33 “Oh, the depth of the riches of the wisdom and knowledge of God!
How unsearchable his judgments,
and his paths beyond tracing out!
34 “Who has known the mind of the Lord?
Or who has been his counselor?”
35 “Who has ever given to God,
that God should repay them?”
36 For from him and through him and for him are all things.
To him be the glory forever! Amen. (Romans 11:33-36)
Paul here, after discussing the sovereignty of God in spite of the rebellion of Israel, speaks of the incomprehensibility of God. This is not the only time he has done this in the epistle to Rome (c.f Romans 9:19-20).
But what of the Fristian who holds to this letter? Even though Paul might reject what he’s saying, wouldn’t Paul be begging the question?
1 For I want you to know how great a struggle I have for you and for those at Laodicea and for all who have not seen me face to face, 2 that their hearts may be encouraged, being knit together in love, to reach all the riches of full assurance of understanding and the knowledge of God’s mystery, which is Christ, 3 in whom are hidden all the treasures of wisdom and knowledge. 4 I say this in order that no one may delude you with plausible arguments. (Colossians 2:1-3)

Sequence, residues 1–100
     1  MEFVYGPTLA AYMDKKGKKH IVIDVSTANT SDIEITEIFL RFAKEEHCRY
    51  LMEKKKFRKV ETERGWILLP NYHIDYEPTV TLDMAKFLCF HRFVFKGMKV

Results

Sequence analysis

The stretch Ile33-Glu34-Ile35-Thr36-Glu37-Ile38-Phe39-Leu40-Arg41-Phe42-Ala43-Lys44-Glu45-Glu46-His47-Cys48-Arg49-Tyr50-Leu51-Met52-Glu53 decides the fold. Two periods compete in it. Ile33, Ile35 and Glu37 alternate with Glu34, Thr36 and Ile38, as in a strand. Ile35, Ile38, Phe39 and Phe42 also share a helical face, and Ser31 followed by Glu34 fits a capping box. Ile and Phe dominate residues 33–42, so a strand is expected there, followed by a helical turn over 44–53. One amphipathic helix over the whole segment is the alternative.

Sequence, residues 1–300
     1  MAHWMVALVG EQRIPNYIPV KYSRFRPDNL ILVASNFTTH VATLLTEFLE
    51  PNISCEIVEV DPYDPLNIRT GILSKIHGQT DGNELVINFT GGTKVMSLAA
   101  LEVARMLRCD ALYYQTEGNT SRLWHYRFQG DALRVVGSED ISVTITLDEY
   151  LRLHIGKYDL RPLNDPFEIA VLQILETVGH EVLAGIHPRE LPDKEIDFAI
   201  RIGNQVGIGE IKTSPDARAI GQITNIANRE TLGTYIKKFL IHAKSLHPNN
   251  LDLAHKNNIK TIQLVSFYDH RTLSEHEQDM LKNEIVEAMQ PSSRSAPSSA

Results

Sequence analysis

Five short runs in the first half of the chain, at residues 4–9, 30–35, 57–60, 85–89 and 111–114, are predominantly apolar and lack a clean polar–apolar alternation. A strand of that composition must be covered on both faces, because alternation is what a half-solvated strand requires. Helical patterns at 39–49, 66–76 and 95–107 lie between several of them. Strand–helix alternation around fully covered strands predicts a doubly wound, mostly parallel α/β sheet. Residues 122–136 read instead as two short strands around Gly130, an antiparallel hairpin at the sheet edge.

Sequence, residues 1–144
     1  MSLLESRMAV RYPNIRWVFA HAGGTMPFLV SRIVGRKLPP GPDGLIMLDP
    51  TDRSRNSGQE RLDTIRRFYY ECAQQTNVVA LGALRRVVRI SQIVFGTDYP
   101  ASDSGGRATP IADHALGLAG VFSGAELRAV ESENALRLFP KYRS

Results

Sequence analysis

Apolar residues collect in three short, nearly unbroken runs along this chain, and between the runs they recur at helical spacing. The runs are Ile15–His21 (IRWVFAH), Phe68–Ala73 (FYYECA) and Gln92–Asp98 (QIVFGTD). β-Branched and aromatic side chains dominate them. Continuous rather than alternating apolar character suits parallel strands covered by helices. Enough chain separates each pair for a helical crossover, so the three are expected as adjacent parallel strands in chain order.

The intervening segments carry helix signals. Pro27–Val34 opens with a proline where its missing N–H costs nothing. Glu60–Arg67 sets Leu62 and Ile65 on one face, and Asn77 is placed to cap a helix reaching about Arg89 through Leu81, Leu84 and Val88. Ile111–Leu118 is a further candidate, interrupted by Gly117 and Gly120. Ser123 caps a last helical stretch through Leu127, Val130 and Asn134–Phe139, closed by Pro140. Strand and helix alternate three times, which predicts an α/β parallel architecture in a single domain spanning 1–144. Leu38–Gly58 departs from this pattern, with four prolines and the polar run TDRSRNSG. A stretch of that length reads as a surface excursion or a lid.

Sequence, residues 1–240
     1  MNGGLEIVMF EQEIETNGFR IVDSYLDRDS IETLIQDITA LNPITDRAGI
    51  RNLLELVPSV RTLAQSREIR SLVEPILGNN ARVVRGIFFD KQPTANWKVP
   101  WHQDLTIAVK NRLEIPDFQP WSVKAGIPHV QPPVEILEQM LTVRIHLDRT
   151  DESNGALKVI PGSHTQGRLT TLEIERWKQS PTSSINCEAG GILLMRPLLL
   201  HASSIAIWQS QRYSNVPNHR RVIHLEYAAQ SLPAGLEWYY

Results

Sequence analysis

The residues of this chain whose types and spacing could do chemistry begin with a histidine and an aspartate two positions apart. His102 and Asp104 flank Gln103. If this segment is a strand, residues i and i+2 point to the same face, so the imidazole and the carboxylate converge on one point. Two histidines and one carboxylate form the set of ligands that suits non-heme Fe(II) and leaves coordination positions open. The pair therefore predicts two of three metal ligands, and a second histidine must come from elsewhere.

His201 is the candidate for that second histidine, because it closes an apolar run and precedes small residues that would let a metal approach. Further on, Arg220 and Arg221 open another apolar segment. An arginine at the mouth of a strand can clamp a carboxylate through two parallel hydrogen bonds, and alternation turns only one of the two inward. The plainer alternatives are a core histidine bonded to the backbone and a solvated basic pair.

Presented here is the application of Paul’s doctrine of Christ, and the nature of wisdom. Paul naturally begins the application of the doctrine after spelling out just who Christ is (c.f. Col 1:15-18). However, we must not let Paul make too strong of a metaphysical claim. Just because It is indeed true that all of wisdom and knowledge are deposited in Christ, in whom we have those benefits through Spirit-wrought union, however we must place that aside, given the possibility of a plausible argument from a position that opposes the doctrine set forth. For instance the Fristian, who accepts the book of Colossians, may say that he too believes this, and that Paul, and the Christians that follow, are begging the question in attempting to apply this principle of thinking against him. For the Fristian can just mirror these objections insofar as it suits him to do so. Paul may call it a delusion, but we would call his doctrine a delusion.